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Animal advocate Hope Swinimer to receive honorary degree from Saint Mary's University

Swinimer is best known for her rehabilitation work at the Hope for Wildlife centre in Seaforth
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Hope Swinimer holding a pine martin at her rehabilitation centre. (Katie Hartai/HalifaxToday.ca)

A Nova Scotian woman who has helped nurse thousands of injured animals back to health is being presented with an honorary degree from Saint Mary's University later this month. 

Hope Swinimer, who runs the animal rehabilitation centre Hope for Wildlife, is "grateful and fulfilled" to have been chosen. 

"This honorary degree, it sort of validates all the hard work of the staff, the interns, the volunteers, everybody here at Hope for Wildlife," she said in an interview with NEWS 95.7's Sheldon MacLeod. 

"It made me feel good because I realized that perhaps the message that I've been working so hard to convey is out there in the public and they were very aware of it,"

Since 1997 she's helped over 40,000 injured and orphaned animals from over 200 different species. 

Just this past year, the centre took in more than 4,400 patients. 

"From a very young age, science was my thing and I would spend hours as a youngster studying and reading about behaviours and just the science of nature, so a great deal of my time was spent learning about the natural world," said Swinimer. 

She took in her first rehab animal in 1995 while working at the Dartmouth Veterinary Hospital - a robin that had been attacked by a cat.

Nursing the bird back to health sparked a passion for animal rehabilitation in Swinimer, who later that year became certified in basic wildlife rehabilitation. 

With just a few cages in the backyard and a room in her house as a nursery, Swinimer rehabbed about 40 animals in her first year. 

As demand for her unique skills rose, so did the need for space. The privatized rehabilitation centre, the first of its kind in Nova Scotia, was taking in 200 animals each year. In 2001 it moved to its current location in Seaforth.

Hope for Wildlife now accepts over 4,500 wild animals per year, and over 20,000 callers are assisted through its wildlife helpline. Thousands of visitors are also welcomed to its facilities for guided tours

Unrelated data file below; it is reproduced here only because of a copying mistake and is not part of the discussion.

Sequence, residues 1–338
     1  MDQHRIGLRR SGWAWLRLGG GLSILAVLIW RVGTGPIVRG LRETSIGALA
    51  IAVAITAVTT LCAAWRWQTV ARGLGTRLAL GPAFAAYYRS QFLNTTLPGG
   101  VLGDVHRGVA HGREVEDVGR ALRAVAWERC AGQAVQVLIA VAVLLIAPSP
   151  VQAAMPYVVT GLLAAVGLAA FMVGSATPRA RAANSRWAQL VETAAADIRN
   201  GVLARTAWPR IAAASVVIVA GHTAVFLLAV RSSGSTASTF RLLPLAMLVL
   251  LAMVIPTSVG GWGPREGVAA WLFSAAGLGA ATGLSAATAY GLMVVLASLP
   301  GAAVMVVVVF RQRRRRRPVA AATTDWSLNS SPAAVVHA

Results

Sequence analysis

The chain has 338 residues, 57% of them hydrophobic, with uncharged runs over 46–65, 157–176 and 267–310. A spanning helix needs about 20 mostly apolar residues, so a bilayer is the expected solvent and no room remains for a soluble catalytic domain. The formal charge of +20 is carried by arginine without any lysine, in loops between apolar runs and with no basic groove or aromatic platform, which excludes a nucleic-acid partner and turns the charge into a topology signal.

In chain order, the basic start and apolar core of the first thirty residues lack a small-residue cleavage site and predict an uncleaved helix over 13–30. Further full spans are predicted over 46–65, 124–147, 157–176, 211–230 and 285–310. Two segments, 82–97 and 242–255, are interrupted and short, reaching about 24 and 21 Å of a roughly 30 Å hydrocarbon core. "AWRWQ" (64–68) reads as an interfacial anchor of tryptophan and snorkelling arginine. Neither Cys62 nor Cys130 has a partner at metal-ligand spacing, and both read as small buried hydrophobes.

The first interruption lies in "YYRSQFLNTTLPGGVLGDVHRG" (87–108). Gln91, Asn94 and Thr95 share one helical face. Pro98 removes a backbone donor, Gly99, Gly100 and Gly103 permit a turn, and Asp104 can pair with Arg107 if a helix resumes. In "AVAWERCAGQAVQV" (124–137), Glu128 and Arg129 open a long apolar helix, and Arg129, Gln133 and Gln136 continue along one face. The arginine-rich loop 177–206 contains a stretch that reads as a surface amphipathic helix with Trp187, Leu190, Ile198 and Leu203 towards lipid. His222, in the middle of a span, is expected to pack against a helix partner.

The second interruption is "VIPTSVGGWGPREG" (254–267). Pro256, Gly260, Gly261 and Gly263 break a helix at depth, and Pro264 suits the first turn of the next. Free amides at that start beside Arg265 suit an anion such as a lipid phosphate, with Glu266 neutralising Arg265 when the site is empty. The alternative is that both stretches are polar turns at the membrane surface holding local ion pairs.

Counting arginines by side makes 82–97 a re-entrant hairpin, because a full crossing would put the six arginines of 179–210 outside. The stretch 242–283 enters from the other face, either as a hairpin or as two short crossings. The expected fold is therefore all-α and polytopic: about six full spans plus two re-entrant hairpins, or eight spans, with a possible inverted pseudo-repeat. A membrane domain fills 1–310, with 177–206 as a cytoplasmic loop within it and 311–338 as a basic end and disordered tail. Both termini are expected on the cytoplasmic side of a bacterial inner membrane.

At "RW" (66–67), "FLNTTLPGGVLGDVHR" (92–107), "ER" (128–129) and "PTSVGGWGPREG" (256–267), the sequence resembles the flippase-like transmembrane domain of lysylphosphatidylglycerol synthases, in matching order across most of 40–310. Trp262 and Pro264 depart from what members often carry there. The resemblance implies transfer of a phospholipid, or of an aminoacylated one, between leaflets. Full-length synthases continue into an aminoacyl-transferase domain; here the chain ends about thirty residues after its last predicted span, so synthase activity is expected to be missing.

"Our mission really is to connect people back to their natural world, getting them to understand and cut down on the number of conflicts between people and nature, and I feel that that's the important part that Saint Mary's was very aware of when they called me," she said. 

In the summer of 2017, Hope for Wildlife opened its onsite Country Clinic which acts as a fully functioning wildlife hospital, and employs student interns to work and learn about wildlife rehabilitation. 

"Every day, life is different here at Hope for Wildlife and there's never a day that goes by that we don't learn something about the science of nature. It truly is amazing," she said. 

"It teaches you so much and I think that's what a lot of the students that come here go away with realizing that its one thing to study for five or ten years, but then to actually put it into practise, it's really quite special." 

She says the on-hands learning for both students and visitors "makes all the difference in the world." 

The centre also shares its rehabilitation stories through its television show, which will have its ninth season air in March. 

In 2019, Hope for Wildlife will install 109 solar panels onsite to reduce their ecological footprint, lower electricity costs, and help move the farm from fossil fuels to green energy.

Swinimer will receive the honorary degree on Friday, along with Chief Executive Officer of The Armour Group Limited, Scott Armour McCrea.




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